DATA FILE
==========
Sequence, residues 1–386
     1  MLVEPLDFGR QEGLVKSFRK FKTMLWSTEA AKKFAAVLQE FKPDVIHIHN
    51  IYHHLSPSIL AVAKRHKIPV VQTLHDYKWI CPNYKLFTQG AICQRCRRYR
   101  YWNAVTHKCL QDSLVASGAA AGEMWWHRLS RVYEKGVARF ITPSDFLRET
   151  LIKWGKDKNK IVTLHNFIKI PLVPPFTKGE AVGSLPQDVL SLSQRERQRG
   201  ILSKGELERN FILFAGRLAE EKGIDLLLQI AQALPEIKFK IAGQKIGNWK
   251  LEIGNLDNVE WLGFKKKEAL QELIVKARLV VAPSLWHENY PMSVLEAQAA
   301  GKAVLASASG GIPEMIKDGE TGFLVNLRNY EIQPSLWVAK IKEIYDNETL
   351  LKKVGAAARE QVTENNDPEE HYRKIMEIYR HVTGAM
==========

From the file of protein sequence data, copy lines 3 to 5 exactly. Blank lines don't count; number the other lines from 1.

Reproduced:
    51  IYHHLSPSIL AVAKRHKIPV VQTLHDYKWI CPNYKLFTQG AICQRCRRYR
   101  YWNAVTHKCL QDSLVASGAA AGEMWWHRLS RVYEKGVARF ITPSDFLRET
   151  LIKWGKDKNK IVTLHNFIKI PLVPPFTKGE AVGSLPQDVL SLSQRERQRG